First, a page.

Have you or someone you know has been diagnosed with Seasonal Affective Disorder?  Then you need to establish the most effective treatment.  Any medical professional can advise on the best course of action which may include light therapy treatment.  If so you will find yourself asking ‘Should I choose a Bluelight or Whitelight SAD treatment’? There are noticeable differences between Bluelight SAD lights and whitelight devices besides the obvious colour that have advantages over each other, depending on your lifestyle and the status of your health. Bluelight SAD Lights Bluelight devices only use LED’s to replicate the natural blue wavelength of light.  This specific wavelength is less intense than the full spectrum of white light, but more effective as it removes the unnecessary ones; so while it creates the medically required 10,000 lux to treat Seasonal Affective Disorder, it actually reduces the overall treatment time to 15-20 minutes.  This makes them ideal if you lead a busy lifestyle and also are much more compact so easy to take to work or on holiday. Full spectrum or Whitelight SAD Lights The traditional Whitelight SAD lights, sometimes referred to as ‘Full Spectrum’ lights typically give off at least the required ten thousand lux required to treat SAD.  The spectrum of white light also includes every wavelength of light similar to sunlight so more closely replicates what we experience on a daily basis.  While historically white SAD lights used bulbs (and many still do) there are some that use white LED’s instead which give more economical use.  Treatment time is longer for white SAD lights ranging on average between 30 minutes to...

Are you feeling SAD in the Summertime?

Seasonal Affective Disorder primarily causes problems for sufferers during the winter months, however for a smaller portion of the population and even some who experience winter depression may end up feeling SAD in the Summertime. Typically the arrival of sunny weather during the spring and summer seasons is welcome relief to many, but increasingly SAD is triggered for an unlucky few in contrast.  There is still a lot of research and study into the causes of Summer Seasonal Affective Disorder but it is thought that susceptibility to other types of depression including winter SAD is a likely cause, but also longer days, too much sun and even higher temperatures may play a significant part also. Some of the more common symptoms experienced by sufferers of the ‘summertime blues’ include insomnia, loss of hunger and increased irritability on top of general depression as well which can lead to a potential higher risk of suicide than when experiencing winter SAD. If you feel that you may be feeling the effects of Summertime SAD it is advisable to seek the help and diagnosis of a Medical Professional before it could potentially become something more serious. As study into Summer time Seasonal Affective Disorder is still relatively in the early stages some sufferers have reported alleviation of symptoms through keeping cool and staying in the shade. Other factors to look at that may help with reducing the effects of the symptoms are eating a more healthy diet so that your body gets the energy and nutrients it needs.  Blackout blinds for your bedroom would help to block out the extra hours of sunlight...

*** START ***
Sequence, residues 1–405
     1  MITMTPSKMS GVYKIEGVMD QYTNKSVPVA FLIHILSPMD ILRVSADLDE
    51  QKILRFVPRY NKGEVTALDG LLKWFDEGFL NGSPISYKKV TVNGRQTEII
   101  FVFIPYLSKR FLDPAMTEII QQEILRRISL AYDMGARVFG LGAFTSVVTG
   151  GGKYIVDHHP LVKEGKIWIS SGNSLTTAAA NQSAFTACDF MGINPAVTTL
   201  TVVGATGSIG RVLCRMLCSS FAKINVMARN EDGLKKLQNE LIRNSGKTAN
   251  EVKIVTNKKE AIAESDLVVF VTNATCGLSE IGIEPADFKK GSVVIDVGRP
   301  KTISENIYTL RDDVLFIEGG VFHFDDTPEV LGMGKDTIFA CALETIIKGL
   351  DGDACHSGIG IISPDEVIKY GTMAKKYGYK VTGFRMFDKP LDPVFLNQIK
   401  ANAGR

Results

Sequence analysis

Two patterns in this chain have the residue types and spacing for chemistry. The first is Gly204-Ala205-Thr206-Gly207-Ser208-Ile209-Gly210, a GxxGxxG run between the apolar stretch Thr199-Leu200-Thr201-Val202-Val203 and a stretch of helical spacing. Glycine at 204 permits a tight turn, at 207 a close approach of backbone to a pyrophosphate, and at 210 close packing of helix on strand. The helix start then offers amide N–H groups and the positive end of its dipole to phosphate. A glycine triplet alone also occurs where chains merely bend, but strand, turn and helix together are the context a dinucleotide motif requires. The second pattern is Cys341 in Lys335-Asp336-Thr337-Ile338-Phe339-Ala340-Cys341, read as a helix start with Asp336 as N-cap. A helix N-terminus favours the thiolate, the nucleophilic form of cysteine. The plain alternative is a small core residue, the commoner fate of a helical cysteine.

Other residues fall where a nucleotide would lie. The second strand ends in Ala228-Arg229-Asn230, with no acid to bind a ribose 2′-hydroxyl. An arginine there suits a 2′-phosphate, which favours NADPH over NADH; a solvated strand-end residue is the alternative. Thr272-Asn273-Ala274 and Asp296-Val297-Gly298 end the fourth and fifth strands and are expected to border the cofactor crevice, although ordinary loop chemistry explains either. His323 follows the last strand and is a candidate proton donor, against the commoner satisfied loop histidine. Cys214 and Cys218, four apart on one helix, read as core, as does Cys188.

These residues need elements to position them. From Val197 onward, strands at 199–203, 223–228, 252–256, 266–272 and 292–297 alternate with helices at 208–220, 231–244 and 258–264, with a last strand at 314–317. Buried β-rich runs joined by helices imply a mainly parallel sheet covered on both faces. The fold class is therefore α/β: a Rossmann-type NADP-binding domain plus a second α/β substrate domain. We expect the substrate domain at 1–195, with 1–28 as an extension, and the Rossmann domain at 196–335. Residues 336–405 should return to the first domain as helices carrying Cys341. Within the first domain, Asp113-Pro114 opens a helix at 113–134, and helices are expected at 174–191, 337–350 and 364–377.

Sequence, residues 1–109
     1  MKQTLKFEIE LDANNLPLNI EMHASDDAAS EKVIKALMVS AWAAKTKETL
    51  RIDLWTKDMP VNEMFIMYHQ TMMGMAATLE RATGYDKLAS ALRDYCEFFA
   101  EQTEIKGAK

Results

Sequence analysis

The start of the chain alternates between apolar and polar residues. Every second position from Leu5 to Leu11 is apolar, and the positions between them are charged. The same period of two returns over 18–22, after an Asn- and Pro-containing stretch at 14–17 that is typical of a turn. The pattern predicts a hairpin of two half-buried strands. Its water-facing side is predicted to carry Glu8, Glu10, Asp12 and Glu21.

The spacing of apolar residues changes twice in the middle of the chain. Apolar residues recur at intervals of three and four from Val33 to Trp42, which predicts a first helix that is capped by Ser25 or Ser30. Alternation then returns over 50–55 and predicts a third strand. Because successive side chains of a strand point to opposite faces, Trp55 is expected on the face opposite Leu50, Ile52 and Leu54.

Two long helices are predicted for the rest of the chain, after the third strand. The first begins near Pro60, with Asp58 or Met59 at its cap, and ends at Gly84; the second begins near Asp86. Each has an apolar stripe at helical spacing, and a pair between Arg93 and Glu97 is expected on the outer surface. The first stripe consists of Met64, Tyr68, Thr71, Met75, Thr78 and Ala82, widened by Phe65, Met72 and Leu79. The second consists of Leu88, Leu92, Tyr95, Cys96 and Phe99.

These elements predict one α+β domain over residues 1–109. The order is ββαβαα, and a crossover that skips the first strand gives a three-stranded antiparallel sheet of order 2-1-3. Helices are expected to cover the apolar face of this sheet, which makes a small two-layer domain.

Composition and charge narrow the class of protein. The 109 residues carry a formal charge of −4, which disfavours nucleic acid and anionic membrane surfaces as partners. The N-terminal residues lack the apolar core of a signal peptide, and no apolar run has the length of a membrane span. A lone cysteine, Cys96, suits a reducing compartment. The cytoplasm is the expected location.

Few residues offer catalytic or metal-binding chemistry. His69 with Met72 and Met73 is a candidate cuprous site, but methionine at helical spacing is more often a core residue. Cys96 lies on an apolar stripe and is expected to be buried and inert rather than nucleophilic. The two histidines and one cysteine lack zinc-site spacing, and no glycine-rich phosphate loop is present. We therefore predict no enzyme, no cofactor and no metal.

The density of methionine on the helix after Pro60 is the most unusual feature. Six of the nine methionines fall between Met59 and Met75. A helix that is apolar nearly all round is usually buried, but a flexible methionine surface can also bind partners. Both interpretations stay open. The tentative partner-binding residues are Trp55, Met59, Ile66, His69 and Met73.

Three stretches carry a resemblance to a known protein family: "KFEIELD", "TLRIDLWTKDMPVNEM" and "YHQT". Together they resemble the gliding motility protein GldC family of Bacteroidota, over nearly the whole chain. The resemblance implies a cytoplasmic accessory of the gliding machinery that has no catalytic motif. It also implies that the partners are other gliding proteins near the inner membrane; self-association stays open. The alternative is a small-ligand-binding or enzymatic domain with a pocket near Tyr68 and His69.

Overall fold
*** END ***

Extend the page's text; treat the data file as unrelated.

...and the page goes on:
Fight Jet-Lag with a SAD Light

Jet-lag is something that we all can suffer from when travelling into different time zones and often writes off the first day or two of a holiday.  One key aspect of light therapy devices and dawn simulators is  their function of helping the body achieve a natural and normal circadian rhythm.  This feature can be used to make the effects or travel easier on your body so you can fight Jet-Lag with a SAD Light. General symptoms of jet-lag include tiredness, congestion, trouble digesting food, aches and pains, thrombosis to name a few; all of which are signs that your body clock is struggling to adjust.  Many of us have experienced the cramped spaces, dry recycled air and lack of sleep on a plane, but with the help of a SAD light you can minimise the effects. As SAD or Seasonal Affective Disorder Lights work by creating an artificial light that emulates the same wavelengths that cause the human eye to start producing Serotonin which is critical in regulating circadian rhythms.  Depending on the SAD light used you can receive enough light from them in 15 – 60 minutes if used relatively early in the day. If you are able, prior to your next plane flight try and adjust your body clock.  If you are travelling west you should aim to stay awake for long in the evening and arise later in the morning.  You can use a SAD therapy light towards the evening for around half an hour starting two or three days beforehand and increasing the time your start by around an hour each  time. Alternatively if...